Few people in history are so recognizable that with the mere mention of their initials one instantly knows about whom you are talking. Such is the case with John Fitzgerald Kennedy, the 35th President of the United States. He flashed across our lives like a comet, brilliant but brief. He was only president for 1,000 days before he was assassinated, yet, even today, people remember him and recognize his name.
Today, November 22, marks the 54th anniversary of his assassination. Almost anyone over the age of 60 remembers vividly where they were and what they were doing when they first heard of it. For example, I, a freshman in college, was walking to a history class. (Yes, I did attend classes, even on a Friday afternoon.) I heard some other students talking about the President having been shot. I wasn’t sure I had heard correctly, but unfortunately, I had.
What was strange about the whole incident was the lack of reliable information. It wasn’t like today when news is known and disseminated instantaneously. Communication between New York, where, at the time, all communication was centered, and Dallas was sketchy. Even worse, Dealey Square, the site of the assassination, was not close to the addresses of the network news’ Dallas offices. Reporters on the scene had to communicate by telephone, when they could find one. Often, competing reporters ended up sharing telephones. No iPads; no cell phones. Information was incomplete and contradictory. Eventually, however, we found out the horrible news. No one will ever forget the grim look on Walter Cronkite’s face as he removed his glasses, stared into the camera, and told a shocked, confused and scared nation that the President was dead. When we heard it from “Uncle Walter,” we knew it was true.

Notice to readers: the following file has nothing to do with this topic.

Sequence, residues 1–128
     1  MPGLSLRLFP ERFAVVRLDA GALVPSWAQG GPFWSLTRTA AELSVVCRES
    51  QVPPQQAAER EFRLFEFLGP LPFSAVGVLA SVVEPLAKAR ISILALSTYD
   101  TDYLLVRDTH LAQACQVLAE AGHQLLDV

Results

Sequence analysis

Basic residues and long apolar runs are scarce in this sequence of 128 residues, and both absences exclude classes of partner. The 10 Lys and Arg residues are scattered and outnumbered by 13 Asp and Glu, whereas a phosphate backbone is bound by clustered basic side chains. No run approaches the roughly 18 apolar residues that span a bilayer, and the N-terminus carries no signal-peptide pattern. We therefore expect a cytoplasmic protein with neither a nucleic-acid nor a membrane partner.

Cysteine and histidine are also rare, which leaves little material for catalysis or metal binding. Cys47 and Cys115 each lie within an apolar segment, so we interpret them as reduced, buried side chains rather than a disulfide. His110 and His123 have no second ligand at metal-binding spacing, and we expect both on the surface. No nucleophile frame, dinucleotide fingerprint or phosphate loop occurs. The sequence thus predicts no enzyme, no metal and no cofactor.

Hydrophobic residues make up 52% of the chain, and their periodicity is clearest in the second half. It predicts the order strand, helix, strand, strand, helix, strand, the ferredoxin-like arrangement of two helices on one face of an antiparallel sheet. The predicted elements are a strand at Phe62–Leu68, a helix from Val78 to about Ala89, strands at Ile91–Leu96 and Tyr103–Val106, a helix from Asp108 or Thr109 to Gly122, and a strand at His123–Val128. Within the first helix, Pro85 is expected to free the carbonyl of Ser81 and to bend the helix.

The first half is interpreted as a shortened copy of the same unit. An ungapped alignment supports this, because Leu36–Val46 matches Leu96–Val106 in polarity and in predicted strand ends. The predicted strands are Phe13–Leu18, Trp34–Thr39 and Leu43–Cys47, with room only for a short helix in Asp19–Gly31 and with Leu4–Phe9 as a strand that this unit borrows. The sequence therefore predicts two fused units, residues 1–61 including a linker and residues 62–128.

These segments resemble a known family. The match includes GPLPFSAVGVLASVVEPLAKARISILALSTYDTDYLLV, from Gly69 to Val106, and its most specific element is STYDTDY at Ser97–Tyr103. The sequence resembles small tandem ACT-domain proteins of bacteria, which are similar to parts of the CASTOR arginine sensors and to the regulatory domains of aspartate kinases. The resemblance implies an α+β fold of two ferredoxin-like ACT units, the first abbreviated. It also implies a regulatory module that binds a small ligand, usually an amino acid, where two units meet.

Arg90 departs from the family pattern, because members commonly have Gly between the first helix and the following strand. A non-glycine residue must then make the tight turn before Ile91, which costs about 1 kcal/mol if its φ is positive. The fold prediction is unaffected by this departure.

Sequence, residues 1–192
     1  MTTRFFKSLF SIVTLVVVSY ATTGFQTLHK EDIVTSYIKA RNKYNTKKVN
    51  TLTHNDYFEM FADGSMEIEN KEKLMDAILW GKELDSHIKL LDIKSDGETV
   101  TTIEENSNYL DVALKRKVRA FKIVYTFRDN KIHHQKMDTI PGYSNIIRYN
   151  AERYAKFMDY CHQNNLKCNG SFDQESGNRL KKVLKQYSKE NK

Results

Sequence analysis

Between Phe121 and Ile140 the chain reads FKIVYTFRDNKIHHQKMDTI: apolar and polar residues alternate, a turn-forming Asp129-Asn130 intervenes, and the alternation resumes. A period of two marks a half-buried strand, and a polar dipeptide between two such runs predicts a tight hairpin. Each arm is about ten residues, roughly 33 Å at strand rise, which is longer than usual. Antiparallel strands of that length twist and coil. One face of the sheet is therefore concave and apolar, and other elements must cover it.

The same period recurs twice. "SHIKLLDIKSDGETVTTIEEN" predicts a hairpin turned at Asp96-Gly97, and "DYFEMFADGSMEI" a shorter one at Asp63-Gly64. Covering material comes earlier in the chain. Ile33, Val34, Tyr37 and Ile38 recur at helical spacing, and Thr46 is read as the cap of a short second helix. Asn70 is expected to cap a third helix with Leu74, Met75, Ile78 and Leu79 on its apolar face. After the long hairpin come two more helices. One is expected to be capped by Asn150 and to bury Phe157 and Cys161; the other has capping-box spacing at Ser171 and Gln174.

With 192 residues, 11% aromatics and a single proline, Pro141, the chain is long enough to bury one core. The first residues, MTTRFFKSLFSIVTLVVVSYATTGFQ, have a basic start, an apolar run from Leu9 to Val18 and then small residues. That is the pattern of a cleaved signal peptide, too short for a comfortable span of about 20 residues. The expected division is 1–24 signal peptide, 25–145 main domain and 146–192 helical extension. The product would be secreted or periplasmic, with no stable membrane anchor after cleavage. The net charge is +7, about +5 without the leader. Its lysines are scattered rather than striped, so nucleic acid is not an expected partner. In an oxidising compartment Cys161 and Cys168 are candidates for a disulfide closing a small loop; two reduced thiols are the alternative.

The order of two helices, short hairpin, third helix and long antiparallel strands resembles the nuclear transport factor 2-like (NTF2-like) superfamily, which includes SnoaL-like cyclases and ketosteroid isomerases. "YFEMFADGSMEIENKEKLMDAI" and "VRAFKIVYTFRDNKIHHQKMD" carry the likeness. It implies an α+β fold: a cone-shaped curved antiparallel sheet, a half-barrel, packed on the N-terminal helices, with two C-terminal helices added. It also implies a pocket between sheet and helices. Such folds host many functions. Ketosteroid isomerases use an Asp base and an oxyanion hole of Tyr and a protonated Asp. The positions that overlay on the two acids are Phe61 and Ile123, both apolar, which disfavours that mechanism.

The purpose of this blog is not to relate the details of the day’s events, nor do I wish to get bogged down in the various conspiracy theories, some of which persist to this day. Many books have been written on the subject, and I can’t possibly cover these topics in a short blog. Suffice to say, it was a surreal experience. Many emotions swirled through my head – disbelief, denial, fear and uncertainty. Who did it? Why? Was it a single gunman or a conspiracy? Was it part of a larger plot? Would we go to war? These and other questions came to mind.
Most everyone was glued to their television sets for days while events played out – Lyndon Johnson sworn in as the 36th President of the US, Jackie standing beside him still in shock and wearing the blood and brain-stained pink suit she had been wearing in the limo (which, she had refused to remove, declaring “I want them to see what they have done”), Oswald arrested, Oswald shot live on national tv while under police escort (How in the world did Jack Ruby get access to that corridor, anyway?), JKF’s funeral procession, the “riderless” horse, John Jr’s salute. The assassinations of Martin Luther King and Robert F. Kennedy followed soon after. It was the end of innocence.